Loyens & Loeff New York regularly posts 'Snippets' on a range of EU tax and legal topics. This is our latest Snippet on the impact of the Dutch conditional withholding tax on dividends ("CWT") on U.S. investment funds with presence and/or investments in the Netherlands.
As from January 1, 2024, CWT will be levied on profit distributions that cumulatively meet the following two conditions:
A Dutch resident entity makes a profit distribution to an entity ("Recipient") that – standalone or together within a cooperating group – has a controlling interest (in any case, >50% voting rights) in the distributing entity.
One of the following scenarios applies:
(a) The Recipient is located in a low-tax jurisdiction, or a jurisdiction included on the EU blacklist ("Tainted Jurisdictions"). Examples of such Tainted Jurisdictions include the Cayman Islands and Bermuda.
(b) The Recipient is a (reverse) hybrid entity (subject to certain exceptions). Distributions to such hybrid entities are generally subject to CWT, but a look-through rule provides for relief in case the dividend income is picked up at the level of the shareholder(s) of the hybrid entity. Foreign (e.g., U.S.) limited partnerships equivalent to Dutch CVs are considered transparent for purposes of this rule. This should reduce the number of (reverse) hybrid entities as foreign limited partnerships are generally treated as fiscally transparent by the relevant foreign jurisdiction (e.g., U.S.) as well.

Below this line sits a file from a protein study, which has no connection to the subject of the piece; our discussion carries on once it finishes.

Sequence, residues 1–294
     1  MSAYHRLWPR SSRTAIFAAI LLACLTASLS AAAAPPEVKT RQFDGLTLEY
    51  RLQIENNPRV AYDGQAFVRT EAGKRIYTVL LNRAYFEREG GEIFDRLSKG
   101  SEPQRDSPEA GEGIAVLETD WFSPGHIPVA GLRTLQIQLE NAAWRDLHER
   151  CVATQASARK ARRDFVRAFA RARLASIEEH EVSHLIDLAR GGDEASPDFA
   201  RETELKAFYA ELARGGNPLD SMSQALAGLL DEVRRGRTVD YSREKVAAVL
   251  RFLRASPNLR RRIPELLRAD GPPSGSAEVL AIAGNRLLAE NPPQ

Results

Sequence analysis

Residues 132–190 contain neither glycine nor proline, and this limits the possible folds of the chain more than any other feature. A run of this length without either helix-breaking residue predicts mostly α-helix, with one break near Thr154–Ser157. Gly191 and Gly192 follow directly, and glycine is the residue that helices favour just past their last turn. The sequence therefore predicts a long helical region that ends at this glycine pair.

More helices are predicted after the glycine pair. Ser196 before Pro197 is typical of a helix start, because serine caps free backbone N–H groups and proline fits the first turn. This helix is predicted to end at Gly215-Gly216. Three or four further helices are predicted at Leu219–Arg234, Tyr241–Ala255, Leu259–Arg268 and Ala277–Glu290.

(c) The structure is considered abusive (e.g., in case the Recipient is held, directly or indirectly, by an entity in a Tainted Jurisdiction and the sole purpose of the interposition of the Recipient is to secure a more favorable CWT position).
If due, CWT will be levied at the highest Dutch corporate income tax rate (in 2024: 25.8%). The already existing (non-conditional) 15% Dutch dividend withholding tax ("DWT") will continue to apply. In case both CWT and DWT are due, the DWT will be credited against the CWT.
It is noted that similar CWT already also applies to interest and royalty payments since 2021.
When it comes to Dutch cooperatives, only distributions by 'holding cooperatives' (cooperatives mainly engaged in holding and financing activities) can be subject to DWT. The new CWT has a broader scope as it can subject distributions by all (i.e., both holding and non-holding) cooperatives to CWT if the two above-mentioned conditions are met.
Now is the time for U.S. investment funds with presence and/or investments in the Netherlands to verify whether they may be affected by the new CWT and determine whether any restructuring is required before January 1, 2024.
The content of this article is intended to provide a general guide to the subject matter. Specialist advice should be sought about your specific circumstances.